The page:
But this post is not about Nanhe. Many of us have been trying to shun the images of the little children of noida, massacred over the years our own Mr Hyde. As the story unfolds so does the horror makes us wonder what makes a so called human being lure children and kill them mercilessly. Why were only skulls found. What happened to the bodies. is this the work of a paedophile.
This morning a news item seemed to suggest that we may in the presence of a organ sale racket and that the children were used to that end. And as the enormity seeps in, it makes sense, terrible sense..
Wonder how many desperate parents and families are told each day to ‘go buy a kidney‘ by doctors? We all know what desperation leads and are aware of market forces as these permeate any situation where a buck can be earned.
So poor children easily seduced by a treat or a handful of pennies seem easy targets. And another handful will take care of the law and order machinery. Poor parents are easily shunned off and the macabre game is on.
So do you tell nanhe’s mom that the kidney that may save the life of her son has taken the life of another’s mom’s child? Or does one convince doctors to assess the implications of their words before they utter them?
Many newspapers and news channels chose to sum up 2006 in India as an year where people power finally emerged. True they have many reasons to do so: Jessica and Priyadarshini got justice, the Right to Information Act was salvaged from potential hijackers and the son of MNC boss returned home safely after being kidnapped.
The media too played a pro-active role in getting justice to many individuals be it a slum kid dreaming to represent India, a poor old couple begging for survival, little girls in an orphanage being abused by their caretaker, a little challenged kid abandoned by his family..
So can we dare to say that all is well on planet India?
Maybe not. There are many Jessicas waiting for justice, many old couples in need of help and as we all saw in silent horror many children kidnapped and killed as parents knock uselessly at the doors of police stations. The difference is hat they are from the wrong side of the invisible barriers that divide us and do not have what is required: money, contacts, access and even the not so often mentioned miracle tool – good command of English.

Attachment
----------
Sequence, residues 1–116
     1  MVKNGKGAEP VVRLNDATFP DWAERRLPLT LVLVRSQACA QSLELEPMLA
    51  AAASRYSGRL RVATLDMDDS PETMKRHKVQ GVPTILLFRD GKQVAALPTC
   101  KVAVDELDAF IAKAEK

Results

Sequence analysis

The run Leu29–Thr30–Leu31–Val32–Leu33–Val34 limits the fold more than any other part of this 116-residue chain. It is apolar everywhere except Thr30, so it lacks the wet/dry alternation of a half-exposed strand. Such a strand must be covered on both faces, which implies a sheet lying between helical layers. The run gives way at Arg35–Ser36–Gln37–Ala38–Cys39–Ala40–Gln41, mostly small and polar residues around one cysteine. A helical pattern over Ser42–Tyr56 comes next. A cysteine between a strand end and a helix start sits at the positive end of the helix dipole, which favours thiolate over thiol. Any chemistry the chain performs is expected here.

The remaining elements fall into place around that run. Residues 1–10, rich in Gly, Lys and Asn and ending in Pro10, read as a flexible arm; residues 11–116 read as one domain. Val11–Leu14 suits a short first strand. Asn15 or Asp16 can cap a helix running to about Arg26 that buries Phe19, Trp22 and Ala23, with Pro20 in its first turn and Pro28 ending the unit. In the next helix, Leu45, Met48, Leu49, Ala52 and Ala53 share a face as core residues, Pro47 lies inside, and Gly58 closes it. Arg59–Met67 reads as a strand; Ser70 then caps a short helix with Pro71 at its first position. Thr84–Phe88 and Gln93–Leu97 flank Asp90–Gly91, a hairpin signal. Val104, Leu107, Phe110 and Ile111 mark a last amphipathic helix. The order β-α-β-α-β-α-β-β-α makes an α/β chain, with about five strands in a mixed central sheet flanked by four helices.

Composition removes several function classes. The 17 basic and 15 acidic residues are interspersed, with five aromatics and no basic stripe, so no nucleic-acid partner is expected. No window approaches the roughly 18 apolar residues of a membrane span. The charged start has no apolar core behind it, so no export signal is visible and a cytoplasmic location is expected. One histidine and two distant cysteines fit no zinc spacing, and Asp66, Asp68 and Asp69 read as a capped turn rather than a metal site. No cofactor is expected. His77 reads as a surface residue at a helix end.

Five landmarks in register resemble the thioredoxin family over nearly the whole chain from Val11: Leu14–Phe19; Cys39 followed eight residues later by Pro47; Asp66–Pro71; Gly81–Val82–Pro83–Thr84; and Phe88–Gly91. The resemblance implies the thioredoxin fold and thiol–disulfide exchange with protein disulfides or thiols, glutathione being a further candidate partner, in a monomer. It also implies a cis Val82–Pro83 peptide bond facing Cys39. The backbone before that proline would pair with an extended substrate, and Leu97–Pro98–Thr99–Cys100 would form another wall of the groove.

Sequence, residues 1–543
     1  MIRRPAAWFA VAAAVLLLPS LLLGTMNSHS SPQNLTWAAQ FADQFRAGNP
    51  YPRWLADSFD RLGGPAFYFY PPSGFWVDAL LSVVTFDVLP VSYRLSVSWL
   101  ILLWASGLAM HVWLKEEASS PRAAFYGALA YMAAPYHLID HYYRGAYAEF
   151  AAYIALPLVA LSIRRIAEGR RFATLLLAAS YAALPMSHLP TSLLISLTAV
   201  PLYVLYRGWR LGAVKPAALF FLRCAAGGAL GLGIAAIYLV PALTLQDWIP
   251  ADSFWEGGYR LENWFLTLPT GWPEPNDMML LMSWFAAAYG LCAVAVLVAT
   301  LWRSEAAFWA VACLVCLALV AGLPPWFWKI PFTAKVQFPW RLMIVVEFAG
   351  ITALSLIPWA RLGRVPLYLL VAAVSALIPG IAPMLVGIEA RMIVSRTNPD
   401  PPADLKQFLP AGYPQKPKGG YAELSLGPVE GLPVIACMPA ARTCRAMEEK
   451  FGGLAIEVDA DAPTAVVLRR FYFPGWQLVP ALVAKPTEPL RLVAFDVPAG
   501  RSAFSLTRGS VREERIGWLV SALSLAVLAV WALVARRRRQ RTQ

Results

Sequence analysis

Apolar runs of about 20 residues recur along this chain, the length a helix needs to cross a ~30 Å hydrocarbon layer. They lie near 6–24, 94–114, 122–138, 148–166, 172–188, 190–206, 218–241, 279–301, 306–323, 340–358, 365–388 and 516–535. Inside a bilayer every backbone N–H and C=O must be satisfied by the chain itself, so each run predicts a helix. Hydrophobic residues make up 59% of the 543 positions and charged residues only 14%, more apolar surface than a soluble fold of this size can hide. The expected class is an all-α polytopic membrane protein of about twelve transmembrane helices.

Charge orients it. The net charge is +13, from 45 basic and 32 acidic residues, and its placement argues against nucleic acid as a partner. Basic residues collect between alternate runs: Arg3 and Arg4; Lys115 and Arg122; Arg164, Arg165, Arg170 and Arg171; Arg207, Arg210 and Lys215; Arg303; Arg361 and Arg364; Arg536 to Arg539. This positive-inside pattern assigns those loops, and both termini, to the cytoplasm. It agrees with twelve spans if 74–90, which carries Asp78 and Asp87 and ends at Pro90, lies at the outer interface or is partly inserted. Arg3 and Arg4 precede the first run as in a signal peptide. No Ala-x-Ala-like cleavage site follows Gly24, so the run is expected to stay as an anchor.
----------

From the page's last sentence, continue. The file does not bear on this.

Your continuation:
Some manage to break the barriers if for some reason or the other they get picked up by he media and if in the heat of the moment some tangible action comes their way, well and good, otherwise they sink into oblivion after their brief moment of glory.
This is not meant to be a cynical post but a simple call to all the invisible voices who came o the fore to help get justice when they felt it was in danger. Time has come to ensure people’s power reaches out to all those who have been hurt, abused or let down and to bring about long term changes to ensure that they get justice.
The Noida children could have been saved had the police registered the FIRs and set out to look for them with the same diligence as in the case of high profile children. Civil society should go beyond addressing specific cases and seek out long term solutions.
They have the power, what is needed is the will to exercise it. Only then can the invisble barrers be broken.